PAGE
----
n this unflinching look at depression and the human struggle to find hope in its midst, acclaimed author Tim Farrington writes with heartrending honesty of his lifelong struggle with the condition he calls "a hell of mercy." With both wry humor and poignancy, he unravels the profound connection between depression and the spiritual path, the infamous dark night of the soul made popular by mystic John of the Cross. While depression can be a heartbreaking time of isolation and lethargy, it can also provide powerful spiritual insights and healing times of surrender. When doctors prescribe medication, patients are often left feeling as if part of their very selves has been numbed in order to become what some might call "normal." Farrington wrestles with profound questions, such as: When is depression a part of your identity, and when does it hold you back from realizing your potential? In the tradition of Darkness Visible and An Unquiet Mind, A Hell of Mercy is both a much needed companion for those walking this difficult terrain as well as a guide for anyone who has watched a loved one grapple with this inner emotional darkness.
A family epic laced with authenticity, wit and unforgettable characters. Liz O'Reilly has a husband in Vietnam, 4 kids under the age of 12 (and one on the way), and a burgeoning crush on the family priest. An unconventional love story. It's Summer 1967 and Mike O'Reilly's just shipped out to Vietnam. Liz O'Reilly is trying to keep it all together for their four kids - 6 year old Deb-Deb (who believes she is an otter), 8 year old Angus, Kathie, (who at age 9 helps to integrate the local Blue Bird troop with her best friend Temperance), and 11 year old Danny - the spitting image of Mike. While Mike is off fighting "his" war, Liz struggles with her own desires and yearnings - to pick up the theatre career she abandoned when Danny was born, to care for the four children she loves fiercely yet also occasionally resents, to leave the backdoor unlocked so she always has an escape route. While set during the conflict in Vietnam, Farrington's novel captures the other side of any war - that of the war at home and the careening emotions of the spouses and families left behind.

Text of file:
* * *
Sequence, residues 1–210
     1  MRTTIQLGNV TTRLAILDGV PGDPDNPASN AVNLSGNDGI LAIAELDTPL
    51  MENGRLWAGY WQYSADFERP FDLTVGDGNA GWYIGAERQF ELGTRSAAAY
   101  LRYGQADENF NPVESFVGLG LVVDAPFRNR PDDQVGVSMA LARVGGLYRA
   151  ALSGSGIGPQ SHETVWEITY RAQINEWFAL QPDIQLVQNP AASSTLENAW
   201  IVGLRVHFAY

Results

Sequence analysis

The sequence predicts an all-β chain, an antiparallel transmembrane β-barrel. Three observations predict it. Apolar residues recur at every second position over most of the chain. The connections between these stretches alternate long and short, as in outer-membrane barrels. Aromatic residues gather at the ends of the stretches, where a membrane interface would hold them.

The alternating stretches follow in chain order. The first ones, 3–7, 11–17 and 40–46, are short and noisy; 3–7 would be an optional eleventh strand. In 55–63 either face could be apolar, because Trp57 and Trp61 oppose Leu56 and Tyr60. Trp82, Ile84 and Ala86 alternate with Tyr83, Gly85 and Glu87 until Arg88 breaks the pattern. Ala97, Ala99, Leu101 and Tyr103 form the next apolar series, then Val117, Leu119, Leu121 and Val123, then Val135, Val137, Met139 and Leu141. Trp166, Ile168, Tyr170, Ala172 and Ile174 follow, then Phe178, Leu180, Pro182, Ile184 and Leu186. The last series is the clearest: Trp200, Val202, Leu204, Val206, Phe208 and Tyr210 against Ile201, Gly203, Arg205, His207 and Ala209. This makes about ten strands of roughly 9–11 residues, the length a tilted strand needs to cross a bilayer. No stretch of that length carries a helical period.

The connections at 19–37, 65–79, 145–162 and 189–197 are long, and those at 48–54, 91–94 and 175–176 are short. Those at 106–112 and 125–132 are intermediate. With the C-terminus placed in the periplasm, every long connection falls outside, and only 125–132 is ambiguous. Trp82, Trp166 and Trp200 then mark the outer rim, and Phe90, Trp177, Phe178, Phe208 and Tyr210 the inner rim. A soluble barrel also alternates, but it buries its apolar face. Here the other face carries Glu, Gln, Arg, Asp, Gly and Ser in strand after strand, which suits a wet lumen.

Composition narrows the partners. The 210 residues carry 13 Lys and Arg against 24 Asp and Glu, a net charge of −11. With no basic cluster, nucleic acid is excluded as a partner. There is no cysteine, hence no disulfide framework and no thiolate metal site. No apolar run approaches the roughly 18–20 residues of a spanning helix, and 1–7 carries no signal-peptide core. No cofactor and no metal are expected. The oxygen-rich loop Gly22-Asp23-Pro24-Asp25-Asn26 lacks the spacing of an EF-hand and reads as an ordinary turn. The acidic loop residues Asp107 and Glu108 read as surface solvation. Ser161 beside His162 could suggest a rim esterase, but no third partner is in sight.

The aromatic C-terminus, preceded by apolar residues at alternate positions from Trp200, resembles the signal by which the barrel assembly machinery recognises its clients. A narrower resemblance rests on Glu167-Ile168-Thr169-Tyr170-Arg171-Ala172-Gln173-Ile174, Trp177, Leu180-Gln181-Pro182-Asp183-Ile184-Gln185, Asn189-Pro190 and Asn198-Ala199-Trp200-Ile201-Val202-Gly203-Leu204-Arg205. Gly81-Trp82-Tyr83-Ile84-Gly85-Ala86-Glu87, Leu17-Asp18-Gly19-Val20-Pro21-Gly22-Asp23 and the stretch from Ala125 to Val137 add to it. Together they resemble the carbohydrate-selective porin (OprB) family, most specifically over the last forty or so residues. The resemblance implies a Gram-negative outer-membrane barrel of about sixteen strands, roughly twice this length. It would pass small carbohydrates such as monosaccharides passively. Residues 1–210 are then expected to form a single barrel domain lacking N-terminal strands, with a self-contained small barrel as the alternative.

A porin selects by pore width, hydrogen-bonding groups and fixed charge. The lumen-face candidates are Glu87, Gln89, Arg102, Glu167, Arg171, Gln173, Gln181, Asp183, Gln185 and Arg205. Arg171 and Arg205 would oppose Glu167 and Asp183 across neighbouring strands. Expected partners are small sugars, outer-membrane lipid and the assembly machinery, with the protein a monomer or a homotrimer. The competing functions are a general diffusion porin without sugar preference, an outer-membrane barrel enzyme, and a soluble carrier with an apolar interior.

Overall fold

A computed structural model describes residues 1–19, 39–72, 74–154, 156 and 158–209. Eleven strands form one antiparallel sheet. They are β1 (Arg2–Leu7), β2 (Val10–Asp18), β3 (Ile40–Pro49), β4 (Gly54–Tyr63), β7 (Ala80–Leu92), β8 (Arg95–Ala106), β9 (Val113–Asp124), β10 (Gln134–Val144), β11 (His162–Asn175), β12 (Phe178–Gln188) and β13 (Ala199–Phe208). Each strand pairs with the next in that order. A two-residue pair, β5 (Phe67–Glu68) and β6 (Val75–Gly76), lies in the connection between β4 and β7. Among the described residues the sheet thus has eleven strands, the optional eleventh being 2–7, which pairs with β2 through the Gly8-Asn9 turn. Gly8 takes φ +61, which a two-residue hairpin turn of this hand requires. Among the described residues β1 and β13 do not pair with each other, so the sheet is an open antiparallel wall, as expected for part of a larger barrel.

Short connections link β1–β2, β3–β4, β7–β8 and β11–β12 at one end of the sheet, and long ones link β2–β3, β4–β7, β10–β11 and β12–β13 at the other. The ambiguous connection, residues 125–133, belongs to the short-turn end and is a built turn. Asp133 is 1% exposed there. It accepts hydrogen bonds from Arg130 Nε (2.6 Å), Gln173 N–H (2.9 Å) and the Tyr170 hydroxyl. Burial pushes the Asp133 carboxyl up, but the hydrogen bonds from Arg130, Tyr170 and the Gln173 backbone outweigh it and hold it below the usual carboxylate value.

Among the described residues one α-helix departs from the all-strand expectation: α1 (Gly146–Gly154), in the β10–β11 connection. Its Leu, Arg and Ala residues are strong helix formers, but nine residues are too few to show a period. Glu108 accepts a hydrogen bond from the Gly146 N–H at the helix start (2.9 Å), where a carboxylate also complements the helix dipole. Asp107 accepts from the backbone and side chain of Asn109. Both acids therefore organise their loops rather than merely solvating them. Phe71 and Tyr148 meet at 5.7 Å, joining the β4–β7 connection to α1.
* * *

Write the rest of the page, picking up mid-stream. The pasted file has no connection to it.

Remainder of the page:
Rebecca Martin is a single mother with an apartment to rent and a sense that she has used up her illusions. I had the romantic thing with my first husband, thank you very much, she tells a hapless suitor. I'm thirty-eight years old, and I've got a daughter learning to read and a job I don't quite like. I don't need the violin music. But when the new tenant in her in-law apartment turns out to be Michael Christopher, on the lam after twenty years in a monastery and smack dab in the middle of a dark night of the soul, Rebecca begins to suspect that she is not as thoroughly disillusioned as she had thought. Her daughter, Mary Martha, is delighted with the new arrival, as is Rebecca's mother, Phoebe, a rollicking widow making a new life for herself among the spiritual eccentrics of the coastal town of Bolinas. Even Rebecca's best friend, Bonnie, once a confirmed cynic in matters of the heart, urges Rebecca on. But none of them, Rebecca feels, understands how complicated and dangerous love actually is. As her unlikely friendship with the ex-monk grows toward something deeper, and Michael wrestles with his despair while adjusting to a second career flipping hamburgers at McDonald's, Rebecca struggles with her own temptation to hope. But it is not until she is brought up short by the realities of life and death that she begins to glimpse the real mystery of love, and the unfathomable depths of faith. Beautifully written and playfully engaging, this novel. is about one man wrestling with his yearning for a life of contemplation and the need for a life of action in the world. But it's Rebecca's spirit, as well as her relationships with Mary Martha, Phoebe, her irresponsible surfer ex-husband Rory -- and, of course, the monk downstairs -- that makes this story shine.
Heavenly Ever After? When Rebecca Martin finds the love of her life, it's finally time to cross off one giant task from life's to-do list. But not so fast. The wedding is a minor disaster, the honeymoon doesn't get much better, and then the biggest shock of all--living together as monk and wife.